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Violence Prediction and Narcissistic Decline - By Chris Gearing

Thursday, May 02, 2013

Watch Dr. Sylvia Gearing describe how certain perceptions of the world can push vulnerable minds to violence - click here.

The Internet is filled with theories about the recent Boston Marathon bombings.

Doctors, journalists, and bloggers are focusing on the psychology of terrorism or the role of siblings in violence. However, perpetrators of such violent crimes often come with unique warning signs. If we know what to look for, it may be possible to prevent future tragedies. Here are some of the reasons that someone you know may be prone to violence:

Inflated Self-Image

Many perpetrators have grandiose opinions of themselves. They expect the world to recognize how special they are and reward their talents and abilities at all times. They are shocked when they do not receive the acclaim that they expect and they struggle to understand the reasons for it.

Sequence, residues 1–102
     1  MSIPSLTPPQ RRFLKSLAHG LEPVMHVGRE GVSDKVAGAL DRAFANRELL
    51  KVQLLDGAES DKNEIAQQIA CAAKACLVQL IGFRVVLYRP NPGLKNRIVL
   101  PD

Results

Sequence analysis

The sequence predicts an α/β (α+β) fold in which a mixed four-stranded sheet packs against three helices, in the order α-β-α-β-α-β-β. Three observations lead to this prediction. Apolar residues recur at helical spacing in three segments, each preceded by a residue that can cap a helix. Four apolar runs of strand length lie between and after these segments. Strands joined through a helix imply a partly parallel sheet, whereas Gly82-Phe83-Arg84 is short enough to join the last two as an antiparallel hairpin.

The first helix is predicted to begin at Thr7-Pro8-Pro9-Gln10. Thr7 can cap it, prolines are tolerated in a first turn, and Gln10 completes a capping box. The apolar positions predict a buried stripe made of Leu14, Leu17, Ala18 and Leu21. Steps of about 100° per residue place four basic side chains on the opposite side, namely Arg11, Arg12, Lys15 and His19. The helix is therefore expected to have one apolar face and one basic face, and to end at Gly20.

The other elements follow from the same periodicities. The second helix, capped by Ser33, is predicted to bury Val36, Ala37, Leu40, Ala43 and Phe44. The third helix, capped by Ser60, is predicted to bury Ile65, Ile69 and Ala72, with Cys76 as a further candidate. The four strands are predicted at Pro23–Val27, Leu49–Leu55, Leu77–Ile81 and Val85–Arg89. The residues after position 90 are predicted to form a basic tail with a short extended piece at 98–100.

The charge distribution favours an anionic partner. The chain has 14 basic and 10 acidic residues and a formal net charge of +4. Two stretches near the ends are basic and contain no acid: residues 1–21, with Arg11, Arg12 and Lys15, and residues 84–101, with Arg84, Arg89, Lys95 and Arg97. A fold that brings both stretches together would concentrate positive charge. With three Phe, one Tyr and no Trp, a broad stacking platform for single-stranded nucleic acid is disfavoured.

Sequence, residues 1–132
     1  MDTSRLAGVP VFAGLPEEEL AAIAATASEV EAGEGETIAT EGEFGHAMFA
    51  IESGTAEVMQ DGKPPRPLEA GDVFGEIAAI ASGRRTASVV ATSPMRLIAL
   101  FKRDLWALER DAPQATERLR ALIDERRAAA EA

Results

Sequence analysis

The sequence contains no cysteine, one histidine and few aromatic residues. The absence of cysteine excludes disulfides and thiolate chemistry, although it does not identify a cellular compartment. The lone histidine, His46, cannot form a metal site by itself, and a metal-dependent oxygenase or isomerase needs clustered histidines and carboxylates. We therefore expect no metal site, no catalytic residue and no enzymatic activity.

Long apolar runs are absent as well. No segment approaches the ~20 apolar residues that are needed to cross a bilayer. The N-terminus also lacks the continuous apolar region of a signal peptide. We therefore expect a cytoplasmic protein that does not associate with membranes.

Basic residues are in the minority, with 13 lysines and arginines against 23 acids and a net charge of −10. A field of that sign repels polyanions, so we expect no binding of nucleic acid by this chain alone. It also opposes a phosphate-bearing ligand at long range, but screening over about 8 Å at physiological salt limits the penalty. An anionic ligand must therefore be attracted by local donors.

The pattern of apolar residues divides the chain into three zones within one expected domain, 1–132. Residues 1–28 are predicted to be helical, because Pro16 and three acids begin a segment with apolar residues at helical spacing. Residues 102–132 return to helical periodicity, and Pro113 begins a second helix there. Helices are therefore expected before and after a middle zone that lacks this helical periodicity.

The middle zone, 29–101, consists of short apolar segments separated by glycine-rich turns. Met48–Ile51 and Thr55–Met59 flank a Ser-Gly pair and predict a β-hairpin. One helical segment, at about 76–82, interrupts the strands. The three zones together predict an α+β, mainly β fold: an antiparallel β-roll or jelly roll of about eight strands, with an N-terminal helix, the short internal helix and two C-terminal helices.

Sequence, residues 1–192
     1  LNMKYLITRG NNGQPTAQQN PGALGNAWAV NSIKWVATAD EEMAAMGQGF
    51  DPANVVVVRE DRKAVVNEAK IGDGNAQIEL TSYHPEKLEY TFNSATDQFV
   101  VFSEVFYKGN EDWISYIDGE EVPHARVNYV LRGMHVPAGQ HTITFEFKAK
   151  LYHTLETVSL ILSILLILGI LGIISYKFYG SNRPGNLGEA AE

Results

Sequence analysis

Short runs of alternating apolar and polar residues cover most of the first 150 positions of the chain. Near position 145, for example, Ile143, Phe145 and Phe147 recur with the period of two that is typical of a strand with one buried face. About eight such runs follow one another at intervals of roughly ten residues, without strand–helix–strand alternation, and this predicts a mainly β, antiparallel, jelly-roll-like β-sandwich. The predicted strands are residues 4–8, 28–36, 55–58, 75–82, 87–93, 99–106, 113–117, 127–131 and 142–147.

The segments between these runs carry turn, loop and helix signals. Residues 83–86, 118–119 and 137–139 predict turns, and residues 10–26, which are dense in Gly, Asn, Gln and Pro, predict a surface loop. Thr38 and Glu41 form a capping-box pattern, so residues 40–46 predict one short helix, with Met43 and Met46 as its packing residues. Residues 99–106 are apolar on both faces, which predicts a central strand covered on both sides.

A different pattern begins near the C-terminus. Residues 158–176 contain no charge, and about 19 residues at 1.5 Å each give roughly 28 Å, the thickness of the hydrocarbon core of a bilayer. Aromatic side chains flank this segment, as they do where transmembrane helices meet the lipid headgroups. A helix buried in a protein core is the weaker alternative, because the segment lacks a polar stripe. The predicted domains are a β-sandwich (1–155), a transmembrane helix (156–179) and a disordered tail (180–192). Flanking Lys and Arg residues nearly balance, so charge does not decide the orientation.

“Me Against The World”

The trouble begins when the world regularly frustrates and deprives them of the recognition they feel entitled to receive. Due to their exceptionally high opinions of themselves, the perpetrator develops elaborate explanations and conspiracies for these setbacks. They find somewhere to place the blame for their negative feelings and they may begin to plan their revenge.

Losing Their Grip On Reality

Once their negative feelings reach a tipping point, their thinking may become actively delusional as they slip deeper into disappointment. They become convinced that they have been robbed of the rewards they justly deserve. They find evidence all around them of a person or force determined to suppress their greatness.

Breaking Point

This type of thinking can often provoke a more anti-social perspective that starts to incorporate desires for revenge and payback. Each mind has its own threshold for violence, but their thinking may begin to fragment and allow irrational thoughts and justifications for violence.

If you are worried about someone you know, please seek the assistance of a clinical psychologist to help you understand the signs of violence and what you can do to help.

Sources:

The work of Gavin de Becker

The work of Dr. John Exner


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